Adobe doesn't like to talk about how their groundbreaking move to a subscription model for all their creative products has affected piracy rates (although if you attend Atkinson's closed-session at the Compliance Manager Summit he has promised to give more details). Why not? Because the subscription model has nothing to do with combating piracy, says Atkinson. "It's about providing customers with a better user experience and serving the unfulfilled demand."†
Adobe's subscription-based go-to-market strategy is to give users the product they want at a perceived lower price and added value. The subscription rates for Adobe products are low. Plus the Creative Cloud offers continuous updates, storage options and multi-product integrations all designed to boost the value proposition.†
"Microsoft is moving in the same direction with their Office365 products and strategies," says Atkinson. "Some of their strategies and our strategies are very similar. For example, theyíre opening up the number and kinds of devices you can put Office365 on, and offering some perks to the subscription model."
The point is to push the perceived licensing border further out to where most customers no longer feel constrained by licensing boundaries, says Atkinson. "If you can move the licensing barrier out, then all these issues around piracy start to decline. If you start to relax your licensing just a little bit, then you begin to make and see big changes."
Yet you have to relax in the right controlled ways, Atkinson cautions. "Youíre always walking a fine line between how much piracy you just enabled and how many customers just became happier. As an industry, I think weíve struggled with that line but were starting to find ways to be more sophisticated in how we manage this dilemma."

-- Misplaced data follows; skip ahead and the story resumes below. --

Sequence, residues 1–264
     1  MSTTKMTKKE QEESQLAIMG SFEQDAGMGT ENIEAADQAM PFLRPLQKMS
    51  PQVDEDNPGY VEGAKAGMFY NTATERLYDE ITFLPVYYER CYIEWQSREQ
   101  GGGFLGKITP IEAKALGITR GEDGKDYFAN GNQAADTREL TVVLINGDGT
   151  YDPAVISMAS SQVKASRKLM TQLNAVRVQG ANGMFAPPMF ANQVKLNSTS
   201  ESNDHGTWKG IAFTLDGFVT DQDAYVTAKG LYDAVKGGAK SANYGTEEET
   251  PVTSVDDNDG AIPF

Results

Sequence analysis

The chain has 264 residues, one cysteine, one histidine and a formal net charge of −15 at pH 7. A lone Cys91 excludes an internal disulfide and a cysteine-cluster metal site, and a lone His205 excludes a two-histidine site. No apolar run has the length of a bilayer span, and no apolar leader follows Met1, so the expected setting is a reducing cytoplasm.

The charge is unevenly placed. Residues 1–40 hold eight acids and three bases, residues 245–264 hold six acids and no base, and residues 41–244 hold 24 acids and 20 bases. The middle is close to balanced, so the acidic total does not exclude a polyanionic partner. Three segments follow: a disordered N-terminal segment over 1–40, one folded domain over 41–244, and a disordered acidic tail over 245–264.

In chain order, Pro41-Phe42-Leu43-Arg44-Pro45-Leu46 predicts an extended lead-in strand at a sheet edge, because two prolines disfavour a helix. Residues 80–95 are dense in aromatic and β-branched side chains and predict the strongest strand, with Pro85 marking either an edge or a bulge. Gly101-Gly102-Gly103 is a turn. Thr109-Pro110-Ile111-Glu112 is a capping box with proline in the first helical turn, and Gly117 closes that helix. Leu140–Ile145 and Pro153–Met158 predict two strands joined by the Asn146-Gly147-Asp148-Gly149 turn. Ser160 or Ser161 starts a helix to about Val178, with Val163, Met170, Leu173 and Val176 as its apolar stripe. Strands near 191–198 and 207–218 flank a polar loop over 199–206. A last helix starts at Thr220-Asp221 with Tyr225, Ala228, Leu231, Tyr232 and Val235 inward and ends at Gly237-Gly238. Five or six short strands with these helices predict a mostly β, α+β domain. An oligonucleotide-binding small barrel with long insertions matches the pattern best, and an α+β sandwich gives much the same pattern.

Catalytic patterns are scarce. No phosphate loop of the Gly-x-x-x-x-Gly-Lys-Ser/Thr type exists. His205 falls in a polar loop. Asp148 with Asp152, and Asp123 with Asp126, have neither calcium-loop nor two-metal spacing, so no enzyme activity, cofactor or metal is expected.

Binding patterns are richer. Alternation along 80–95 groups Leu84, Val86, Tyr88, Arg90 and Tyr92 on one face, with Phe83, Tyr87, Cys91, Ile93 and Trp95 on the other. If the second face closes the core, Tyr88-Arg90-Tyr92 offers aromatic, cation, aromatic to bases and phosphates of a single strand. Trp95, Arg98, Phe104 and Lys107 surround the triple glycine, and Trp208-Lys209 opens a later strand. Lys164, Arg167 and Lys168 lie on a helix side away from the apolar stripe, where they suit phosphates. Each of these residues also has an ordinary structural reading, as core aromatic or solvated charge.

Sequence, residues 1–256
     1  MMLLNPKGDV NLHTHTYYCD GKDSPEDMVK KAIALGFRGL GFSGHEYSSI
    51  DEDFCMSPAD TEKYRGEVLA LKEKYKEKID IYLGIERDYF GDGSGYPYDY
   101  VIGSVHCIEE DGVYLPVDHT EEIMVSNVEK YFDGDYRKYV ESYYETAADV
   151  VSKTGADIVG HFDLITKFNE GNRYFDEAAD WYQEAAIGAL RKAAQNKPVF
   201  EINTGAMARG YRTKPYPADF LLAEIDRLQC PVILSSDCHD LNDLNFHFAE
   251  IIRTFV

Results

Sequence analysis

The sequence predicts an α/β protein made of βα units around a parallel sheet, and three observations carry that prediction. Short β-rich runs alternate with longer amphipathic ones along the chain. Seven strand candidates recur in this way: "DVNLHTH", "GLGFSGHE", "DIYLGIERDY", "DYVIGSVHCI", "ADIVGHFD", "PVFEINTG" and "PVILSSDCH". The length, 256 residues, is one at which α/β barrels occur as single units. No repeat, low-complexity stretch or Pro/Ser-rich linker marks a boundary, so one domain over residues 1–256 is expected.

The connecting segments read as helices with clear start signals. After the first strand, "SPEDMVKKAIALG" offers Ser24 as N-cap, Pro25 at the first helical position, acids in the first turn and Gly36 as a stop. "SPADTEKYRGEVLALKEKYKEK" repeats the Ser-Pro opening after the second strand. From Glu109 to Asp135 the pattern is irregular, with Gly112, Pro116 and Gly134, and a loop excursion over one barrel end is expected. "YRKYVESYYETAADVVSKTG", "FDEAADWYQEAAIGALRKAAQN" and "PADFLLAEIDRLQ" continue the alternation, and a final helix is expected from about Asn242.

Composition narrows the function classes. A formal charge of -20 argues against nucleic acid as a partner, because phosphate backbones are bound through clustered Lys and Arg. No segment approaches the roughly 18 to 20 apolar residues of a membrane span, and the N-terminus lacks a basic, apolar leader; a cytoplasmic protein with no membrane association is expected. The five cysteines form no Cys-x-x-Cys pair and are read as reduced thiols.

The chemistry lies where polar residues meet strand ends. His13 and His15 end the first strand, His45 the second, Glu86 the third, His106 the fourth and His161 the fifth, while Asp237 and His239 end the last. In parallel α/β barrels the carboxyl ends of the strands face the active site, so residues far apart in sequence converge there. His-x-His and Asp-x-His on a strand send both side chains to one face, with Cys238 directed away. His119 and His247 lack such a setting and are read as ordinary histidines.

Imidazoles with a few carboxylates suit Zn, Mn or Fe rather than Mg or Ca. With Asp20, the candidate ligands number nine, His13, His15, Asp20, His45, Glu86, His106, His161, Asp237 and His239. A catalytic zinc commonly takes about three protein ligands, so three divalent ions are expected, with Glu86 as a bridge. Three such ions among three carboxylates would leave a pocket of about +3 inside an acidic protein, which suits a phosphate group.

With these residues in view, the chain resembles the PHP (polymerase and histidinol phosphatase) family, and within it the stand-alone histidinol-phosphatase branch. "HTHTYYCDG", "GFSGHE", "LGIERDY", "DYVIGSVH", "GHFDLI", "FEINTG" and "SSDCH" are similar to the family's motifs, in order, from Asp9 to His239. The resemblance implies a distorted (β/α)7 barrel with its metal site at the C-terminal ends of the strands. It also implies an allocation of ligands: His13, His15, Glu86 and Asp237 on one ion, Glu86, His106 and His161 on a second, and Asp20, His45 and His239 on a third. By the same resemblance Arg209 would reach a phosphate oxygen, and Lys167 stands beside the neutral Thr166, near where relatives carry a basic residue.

The subscription license model is based on cloud connectivity, of course, which provides software vendors with a much better sense of whatís going on in the installed base, notes Atkinson. "As I start to have more connectivity, I can know how many copies of programs are out there. It helps me have a much better business understanding of the proportion of the community that paid me and the proportion that paid someone else and didnít pay me. And thatís insightful and fundamental to business strategy."
So with all its benefits, is the subscription model the future of software licensing?
"Generally yes," says Atkinson. "Itís really about culturally whether people want to own stuff or whether they donít care. People used to collect DVDs and VHS tapes but now they watch Netflix or WatchEver, so the cultural desire to collect and own is starting to decline. As long as you know you have access to it whenever you want it, owning is less important, and it's the same thing with software."
Join us at the Compliance Manager Summit, March 12-13, in San Francisco to hear Adobe's Richard Atkinson and others discusses the latest challenges and opportunities in software compliance programs.
the Summit's full agenda and to register to attend, visit IBSMASummit.com.